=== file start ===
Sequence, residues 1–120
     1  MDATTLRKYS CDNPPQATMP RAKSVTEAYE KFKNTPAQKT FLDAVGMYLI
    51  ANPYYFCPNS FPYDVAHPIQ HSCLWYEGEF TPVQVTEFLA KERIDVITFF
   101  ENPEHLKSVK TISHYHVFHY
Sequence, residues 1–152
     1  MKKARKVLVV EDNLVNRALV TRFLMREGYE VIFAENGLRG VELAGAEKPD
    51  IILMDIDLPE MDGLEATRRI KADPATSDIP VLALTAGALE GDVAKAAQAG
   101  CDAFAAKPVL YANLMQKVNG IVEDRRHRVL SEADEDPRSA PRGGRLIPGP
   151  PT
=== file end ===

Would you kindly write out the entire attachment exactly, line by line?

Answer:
Sequence, residues 1–120
     1  MDATTLRKYS CDNPPQATMP RAKSVTEAYE KFKNTPAQKT FLDAVGMYLI
    51  ANPYYFCPNS FPYDVAHPIQ HSCLWYEGEF TPVQVTEFLA KERIDVITFF
   101  ENPEHLKSVK TISHYHVFHY
Sequence, residues 1–152
     1  MKKARKVLVV EDNLVNRALV TRFLMREGYE VIFAENGLRG VELAGAEKPD
    51  IILMDIDLPE MDGLEATRRI KADPATSDIP VLALTAGALE GDVAKAAQAG
   101  CDAFAAKPVL YANLMQKVNG IVEDRRHRVL SEADEDPRSA PRGGRLIPGP
   151  PT